Climate change is already affecting the Earth’s temperature, precipitation, and hydrological cycles, with detrimental impacts on U.S. and global agricultural systems. The interaction of these dynamic factors can lead to a decrease in plant productivity, increasing the price for many important agricultural crops.
On Wednesday, June 16, 2010, between 10:30-11:30am, in Room 328A of the Senate Russell Office Building and from 2:00-3:00pm, in Room 2318 of the Rayburn House Office Building, the American Association for the Advancement of Science (AAAS), American Society of Agronomy (ASA), Crop Science Society of America (CSSA), Soil Science Society of America (SSSA), and Council on Food, Agricultural and Resource Economics (C-FARE) will sponsor a briefing on agricultural adaptation to climate change.
Changing rainfall patterns and intensities, air temperatures, and cropping seasons will require adapting traditional agricultural systems to a new climate, creating new production opportunities and challenges. Join experts on climate modeling, cropping systems and crop breeding, and agriculture and natural resource economics as they present information about how agriculture can adapt to a changing climate.
Panel of experts include:
- Dr. Cynthia Rosenzweig is a Senior Research Scientist at the NASA Goddard Institute for Space Studies where she heads the Climate Impact Group.
- Dr. Cesar Izaurralde is a Laboratory Fellow at the Joint Global Change Research Institute. His current research involves modeling the impacts of climate change and variability on terrestrial ecosystems and water resources, and carbon sequestration in and greenhouse gas emissions from agricultural soils.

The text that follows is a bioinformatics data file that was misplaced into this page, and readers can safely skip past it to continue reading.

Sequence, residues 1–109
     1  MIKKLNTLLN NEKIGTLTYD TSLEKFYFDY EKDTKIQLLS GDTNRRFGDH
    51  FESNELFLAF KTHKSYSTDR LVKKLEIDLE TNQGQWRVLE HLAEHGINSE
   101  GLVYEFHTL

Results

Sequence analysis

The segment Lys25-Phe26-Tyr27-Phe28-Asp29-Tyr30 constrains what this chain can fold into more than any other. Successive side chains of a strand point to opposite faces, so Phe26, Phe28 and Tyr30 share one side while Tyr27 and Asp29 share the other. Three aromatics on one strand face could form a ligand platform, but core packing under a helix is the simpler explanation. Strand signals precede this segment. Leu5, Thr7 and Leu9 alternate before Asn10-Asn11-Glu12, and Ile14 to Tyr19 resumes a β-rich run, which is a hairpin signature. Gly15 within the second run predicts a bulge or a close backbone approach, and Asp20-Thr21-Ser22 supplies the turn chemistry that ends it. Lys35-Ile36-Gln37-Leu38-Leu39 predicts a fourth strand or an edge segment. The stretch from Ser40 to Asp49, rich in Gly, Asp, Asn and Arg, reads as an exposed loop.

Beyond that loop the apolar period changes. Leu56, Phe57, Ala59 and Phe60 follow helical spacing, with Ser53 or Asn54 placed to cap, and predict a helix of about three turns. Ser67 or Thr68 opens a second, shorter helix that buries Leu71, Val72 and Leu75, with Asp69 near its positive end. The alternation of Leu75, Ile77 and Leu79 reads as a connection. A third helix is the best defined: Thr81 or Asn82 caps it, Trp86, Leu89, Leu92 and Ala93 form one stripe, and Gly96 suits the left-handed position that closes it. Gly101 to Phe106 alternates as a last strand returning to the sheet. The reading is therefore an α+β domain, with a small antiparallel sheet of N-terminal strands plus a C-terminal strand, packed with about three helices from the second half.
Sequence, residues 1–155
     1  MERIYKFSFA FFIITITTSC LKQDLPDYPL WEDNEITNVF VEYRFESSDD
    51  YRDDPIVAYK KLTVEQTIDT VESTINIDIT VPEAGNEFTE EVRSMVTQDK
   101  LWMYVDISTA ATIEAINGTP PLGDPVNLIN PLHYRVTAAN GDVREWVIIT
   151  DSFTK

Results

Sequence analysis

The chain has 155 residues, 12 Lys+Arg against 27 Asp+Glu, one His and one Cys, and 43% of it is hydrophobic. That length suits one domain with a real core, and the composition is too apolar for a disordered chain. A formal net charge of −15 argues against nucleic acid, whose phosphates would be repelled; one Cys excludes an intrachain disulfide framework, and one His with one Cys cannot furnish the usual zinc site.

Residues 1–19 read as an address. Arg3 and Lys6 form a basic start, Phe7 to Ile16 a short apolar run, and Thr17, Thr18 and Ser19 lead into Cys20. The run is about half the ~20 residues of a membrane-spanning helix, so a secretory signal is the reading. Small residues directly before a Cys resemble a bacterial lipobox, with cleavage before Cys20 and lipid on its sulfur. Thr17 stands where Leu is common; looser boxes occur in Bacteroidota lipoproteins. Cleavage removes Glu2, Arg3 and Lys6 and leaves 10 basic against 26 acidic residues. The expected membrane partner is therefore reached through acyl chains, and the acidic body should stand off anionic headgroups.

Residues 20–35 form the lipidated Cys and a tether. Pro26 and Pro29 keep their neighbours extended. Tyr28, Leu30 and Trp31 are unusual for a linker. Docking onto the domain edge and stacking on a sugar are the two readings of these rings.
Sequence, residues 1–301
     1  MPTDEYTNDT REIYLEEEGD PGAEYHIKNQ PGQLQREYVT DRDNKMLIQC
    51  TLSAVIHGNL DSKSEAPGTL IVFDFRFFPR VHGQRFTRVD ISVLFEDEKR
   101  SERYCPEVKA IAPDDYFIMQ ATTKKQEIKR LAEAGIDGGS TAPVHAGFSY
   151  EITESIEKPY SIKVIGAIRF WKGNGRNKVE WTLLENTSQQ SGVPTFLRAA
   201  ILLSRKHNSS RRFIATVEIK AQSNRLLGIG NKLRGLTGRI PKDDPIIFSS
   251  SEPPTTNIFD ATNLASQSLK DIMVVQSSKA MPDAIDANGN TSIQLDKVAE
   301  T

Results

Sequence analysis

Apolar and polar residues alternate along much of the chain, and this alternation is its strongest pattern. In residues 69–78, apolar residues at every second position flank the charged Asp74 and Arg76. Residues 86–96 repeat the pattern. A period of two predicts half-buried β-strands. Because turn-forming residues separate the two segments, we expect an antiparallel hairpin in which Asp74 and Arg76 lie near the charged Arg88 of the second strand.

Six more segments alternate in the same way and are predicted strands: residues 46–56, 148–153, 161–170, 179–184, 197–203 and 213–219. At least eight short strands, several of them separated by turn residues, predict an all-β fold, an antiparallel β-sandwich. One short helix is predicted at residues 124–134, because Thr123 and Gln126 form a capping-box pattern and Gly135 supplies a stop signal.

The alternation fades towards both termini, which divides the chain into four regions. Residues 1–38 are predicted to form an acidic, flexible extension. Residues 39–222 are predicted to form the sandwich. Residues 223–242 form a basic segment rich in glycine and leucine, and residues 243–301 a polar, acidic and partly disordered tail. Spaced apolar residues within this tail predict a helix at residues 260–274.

- Dr. Paul Gepts is a Professor of Agronomy and Geneticist at the University of California-Davis. His research focuses on the evolution of plants under domestication and relies on a combination of genetic and genomic analyses, coupled with field work in centers of crop domestication, principally Latin America and Africa.
- Dr. Gerald C. Nelson is a Senior Research Fellow at the International Food Policy Research Institute, where he is responsible for developing research in climate change modeling and spatially explicit assessments of potential adaptation and mitigation programs and policies.
Registration is on a first come basis. Members of the media and public information officers are invited to attend. RSVP at the following link: www.aaas.org/spp/cstc/pne/events/10_06_16agricultureclimatechange.shtml or contact Phillip Chalker at email@example.com or 202-326-6789.
For more information about the briefing, please view our one-page document, 'How will Climate Change Affect Agriculture?' www.agronomy.org/files/science-policy/climate-change-one-pager.pdf
The American Association for the Advancement of Science, 'Triple A-S' (AAAS), is an international non-profit organization dedicated to advancing science around the world by serving as an educator, leader, spokesperson and professional association. In addition to organizing membership activities, AAAS publishes the journal Science, as well as many scientific newsletters, books and reports, and spearheads programs that raise the bar of understanding for science worldwide.
The Council on Food, Agricultural, and Resource Economics (C-FARE) is a non-profit organization dedicated to strengthening the national presence of the agricultural economics profession. C-FARE's governing board includes prominent agricultural economists representing a wide range of public and private sector interests.
The American Society of Agronomy (ASA) www.agronomy.org, is a scientific society helping its 8,000+ members advance the disciplines and practices of agronomy by supporting professional growth and science policy initiatives, and by providing quality, research-based publications and a variety of member services.